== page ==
In some instances, the customer must weave through data siloed in multiple departments within a bank, including mortgage providers, customer services, card providers, and more. This lack of communication makes it hard to get a complete picture of banking over time, and a lack of understanding can make long-term banking difficult for customers.
So how can banks enable customers to make sound financial decisions, purchase and use a financial service provider’s preferred instruments (products + services), and continuously keep them engaged and interested?
Provide personalized banking
According to a recent BCG report, a retail bank with $100B in assets can generate up to $50M in daily revenues by personalizing banking pricing and product offers. The same report mentions that 68 percent of respondents of a recent survey deepened ties with an existing bank as a result of the bank’s data-driven personalized approach. There is no doubt: this is the future of banking.
Data-driven personalization is not a new concept—financial services providers have been using regressive-based statistical analysis for years to get better forecasts of demand on banking products and services. Financial services providers need to apply this modelling differently to data, tying it back to the shift in how customers prefer to bank and what they value.
Traditional banks are gradually putting more emphasis on using data-driven insights as they have historically feared falling behind and missing out on customers to FinTechs. Faced with dramatic shifts in technology and consumer preferences, traditional banks are collaborating with FinTechs to stay competitive. Customers have a much better handle on immediate financial health with FinTechs versus traditional banks—FinTechs provide customers real-time reporting on all banking expenses, whereas the banks typically have a couple of days of lag time with pending transactions.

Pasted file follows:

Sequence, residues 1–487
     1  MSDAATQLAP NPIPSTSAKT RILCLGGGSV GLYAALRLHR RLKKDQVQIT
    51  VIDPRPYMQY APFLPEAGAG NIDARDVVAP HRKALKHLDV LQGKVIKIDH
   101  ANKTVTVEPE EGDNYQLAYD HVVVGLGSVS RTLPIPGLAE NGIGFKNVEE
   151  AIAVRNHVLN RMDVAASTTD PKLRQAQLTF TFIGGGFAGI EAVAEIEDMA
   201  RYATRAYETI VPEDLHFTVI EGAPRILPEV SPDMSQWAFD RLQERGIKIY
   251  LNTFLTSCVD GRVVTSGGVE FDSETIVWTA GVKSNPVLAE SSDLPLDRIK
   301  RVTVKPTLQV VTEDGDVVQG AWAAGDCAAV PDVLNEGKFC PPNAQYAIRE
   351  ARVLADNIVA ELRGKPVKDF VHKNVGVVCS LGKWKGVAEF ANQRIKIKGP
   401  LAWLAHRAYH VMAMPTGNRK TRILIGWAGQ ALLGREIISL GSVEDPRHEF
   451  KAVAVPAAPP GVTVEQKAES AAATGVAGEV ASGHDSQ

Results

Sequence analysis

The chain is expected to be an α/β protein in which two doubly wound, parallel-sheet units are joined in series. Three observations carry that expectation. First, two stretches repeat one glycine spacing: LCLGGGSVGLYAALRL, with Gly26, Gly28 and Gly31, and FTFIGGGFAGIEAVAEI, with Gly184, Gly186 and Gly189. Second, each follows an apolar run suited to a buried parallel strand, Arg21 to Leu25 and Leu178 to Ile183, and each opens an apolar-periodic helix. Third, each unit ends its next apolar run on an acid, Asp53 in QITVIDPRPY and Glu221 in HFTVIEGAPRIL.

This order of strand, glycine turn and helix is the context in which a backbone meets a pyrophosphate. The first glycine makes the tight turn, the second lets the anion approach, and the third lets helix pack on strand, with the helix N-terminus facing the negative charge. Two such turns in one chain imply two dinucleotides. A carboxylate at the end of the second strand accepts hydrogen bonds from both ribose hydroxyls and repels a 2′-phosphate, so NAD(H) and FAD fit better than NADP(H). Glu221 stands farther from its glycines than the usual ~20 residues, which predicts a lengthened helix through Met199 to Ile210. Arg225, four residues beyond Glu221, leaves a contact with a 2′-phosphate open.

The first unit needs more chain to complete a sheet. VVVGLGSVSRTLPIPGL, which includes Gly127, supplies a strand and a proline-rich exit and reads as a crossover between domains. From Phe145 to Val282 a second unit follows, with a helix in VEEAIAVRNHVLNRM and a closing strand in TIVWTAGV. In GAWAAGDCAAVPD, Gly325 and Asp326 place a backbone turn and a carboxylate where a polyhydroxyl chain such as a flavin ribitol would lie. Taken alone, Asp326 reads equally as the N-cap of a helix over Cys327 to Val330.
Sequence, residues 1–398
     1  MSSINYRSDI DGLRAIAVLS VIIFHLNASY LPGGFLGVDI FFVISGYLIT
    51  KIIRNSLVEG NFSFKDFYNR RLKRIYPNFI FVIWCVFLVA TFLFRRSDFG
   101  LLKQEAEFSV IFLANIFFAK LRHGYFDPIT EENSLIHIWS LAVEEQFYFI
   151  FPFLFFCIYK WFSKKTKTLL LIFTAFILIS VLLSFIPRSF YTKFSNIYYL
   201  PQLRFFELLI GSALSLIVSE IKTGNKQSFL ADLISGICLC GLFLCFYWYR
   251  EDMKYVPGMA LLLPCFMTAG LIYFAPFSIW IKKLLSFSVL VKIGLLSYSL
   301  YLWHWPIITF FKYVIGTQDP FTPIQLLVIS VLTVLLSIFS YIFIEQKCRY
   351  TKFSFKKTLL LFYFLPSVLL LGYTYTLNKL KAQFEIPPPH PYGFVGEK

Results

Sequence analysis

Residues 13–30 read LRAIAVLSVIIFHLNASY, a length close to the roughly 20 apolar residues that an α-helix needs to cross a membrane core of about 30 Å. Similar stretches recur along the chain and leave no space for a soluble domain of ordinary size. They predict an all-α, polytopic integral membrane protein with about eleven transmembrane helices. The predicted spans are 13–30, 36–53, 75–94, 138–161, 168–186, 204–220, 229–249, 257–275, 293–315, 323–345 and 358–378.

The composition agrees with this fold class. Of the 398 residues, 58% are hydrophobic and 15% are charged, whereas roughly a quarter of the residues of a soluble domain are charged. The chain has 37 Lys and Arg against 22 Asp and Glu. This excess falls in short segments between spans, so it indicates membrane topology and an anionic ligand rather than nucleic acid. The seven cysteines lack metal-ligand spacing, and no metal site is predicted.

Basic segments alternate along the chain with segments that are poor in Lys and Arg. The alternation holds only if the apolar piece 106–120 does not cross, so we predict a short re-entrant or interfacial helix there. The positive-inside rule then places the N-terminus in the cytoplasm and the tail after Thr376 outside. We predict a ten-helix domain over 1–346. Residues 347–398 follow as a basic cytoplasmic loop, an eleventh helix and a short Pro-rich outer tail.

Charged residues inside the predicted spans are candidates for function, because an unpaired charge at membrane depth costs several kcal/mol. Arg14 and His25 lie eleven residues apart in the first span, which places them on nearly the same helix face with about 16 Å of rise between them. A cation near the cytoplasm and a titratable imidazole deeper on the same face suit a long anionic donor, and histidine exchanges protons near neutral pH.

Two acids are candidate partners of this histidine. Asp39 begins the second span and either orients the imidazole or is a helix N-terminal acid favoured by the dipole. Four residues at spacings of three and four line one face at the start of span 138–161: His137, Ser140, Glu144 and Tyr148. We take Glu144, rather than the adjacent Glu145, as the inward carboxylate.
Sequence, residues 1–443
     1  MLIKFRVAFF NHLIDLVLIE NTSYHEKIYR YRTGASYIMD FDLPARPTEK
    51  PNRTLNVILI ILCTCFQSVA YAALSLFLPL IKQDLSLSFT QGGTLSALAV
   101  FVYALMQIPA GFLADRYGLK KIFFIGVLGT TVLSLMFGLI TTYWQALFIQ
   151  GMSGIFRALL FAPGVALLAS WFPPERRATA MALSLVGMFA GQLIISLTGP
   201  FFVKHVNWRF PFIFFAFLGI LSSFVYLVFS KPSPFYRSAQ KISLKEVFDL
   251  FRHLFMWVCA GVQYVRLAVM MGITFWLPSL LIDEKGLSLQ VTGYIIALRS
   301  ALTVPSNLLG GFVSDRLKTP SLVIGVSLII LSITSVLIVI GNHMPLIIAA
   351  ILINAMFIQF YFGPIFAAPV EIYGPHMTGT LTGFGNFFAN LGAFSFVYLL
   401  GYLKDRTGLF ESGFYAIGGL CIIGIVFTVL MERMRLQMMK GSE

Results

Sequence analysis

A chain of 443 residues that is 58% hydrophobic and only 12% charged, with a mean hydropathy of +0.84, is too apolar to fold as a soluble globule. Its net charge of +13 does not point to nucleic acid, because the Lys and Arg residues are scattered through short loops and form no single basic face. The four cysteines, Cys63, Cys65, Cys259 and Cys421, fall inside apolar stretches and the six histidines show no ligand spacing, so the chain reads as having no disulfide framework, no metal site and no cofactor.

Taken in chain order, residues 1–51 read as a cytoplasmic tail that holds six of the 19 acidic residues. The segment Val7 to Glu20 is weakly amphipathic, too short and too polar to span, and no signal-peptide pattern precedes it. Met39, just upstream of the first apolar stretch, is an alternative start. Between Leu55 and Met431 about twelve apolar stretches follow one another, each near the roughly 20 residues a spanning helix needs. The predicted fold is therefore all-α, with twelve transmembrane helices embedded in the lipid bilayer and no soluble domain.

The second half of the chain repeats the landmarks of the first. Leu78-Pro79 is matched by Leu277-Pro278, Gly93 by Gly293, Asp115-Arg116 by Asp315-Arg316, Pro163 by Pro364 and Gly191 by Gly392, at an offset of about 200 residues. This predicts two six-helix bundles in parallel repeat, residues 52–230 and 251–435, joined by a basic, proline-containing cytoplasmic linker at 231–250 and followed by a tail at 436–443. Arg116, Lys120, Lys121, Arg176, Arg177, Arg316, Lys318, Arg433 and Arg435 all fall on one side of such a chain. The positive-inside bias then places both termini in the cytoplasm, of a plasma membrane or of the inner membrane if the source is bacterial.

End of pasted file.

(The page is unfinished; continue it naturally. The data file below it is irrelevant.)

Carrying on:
Monzo, a UK financial service provider, offers customers a vault where money is credited to a savings account by automatically rounding up debit card spends to the nearest pound. The extra pennies missed don't feel like much to the customer, but they build up quickly, adding to significant savings.
Integrating data taken from the customer’s journey with new technologies, such as artificial intelligence (AI) and machine learning (ML) turns it into “smart data,” or data that can be used in meaningful ways for decision-making. The bottleneck is about managing, integrating, analyzing, and interpreting it.
AI and ML intelligently can even analyze data to personalize banking and provide instant and accurate decisions about mortgage or insurance applications, predicting outcomes, and improving ways to save the customer more money (or give them more money as pointed out earlier).
Applying ML and AI to a customer’s data can help banks forecast the possibility that a customer relationship may be at risk if they’ve had a bad experience. By understanding the internal and external drivers that are at work in the relationship, banks can interact with customers in a more strategic way and provide relevant products and services to keep them continuously engaged.
For example, by recognizing patterns derived from various mechanisms (i.e. feedback forms, log in times, and face-to-face interactions, etc.), AI can help to inform a bank that a customer may leave as a result of a bad experience or the lack of specific product offering. ML can then be applied to develop a proactive intervention strategy to counteract or neutralize the negative sentiment.
Nevertheless, does this mean that banks should provide personalized campaigns to target customers? Absolutely—it’s important that personalized campaigns use the right data. ML can profile people to make more relevant ads but it’s all down to the individual’s data.
The future of banking relies on applying data ingestion to a centralized system. This can be achieved by the utilization of data-driven insights, and leveraging them for better customer services, decision making, and giving the customer more money.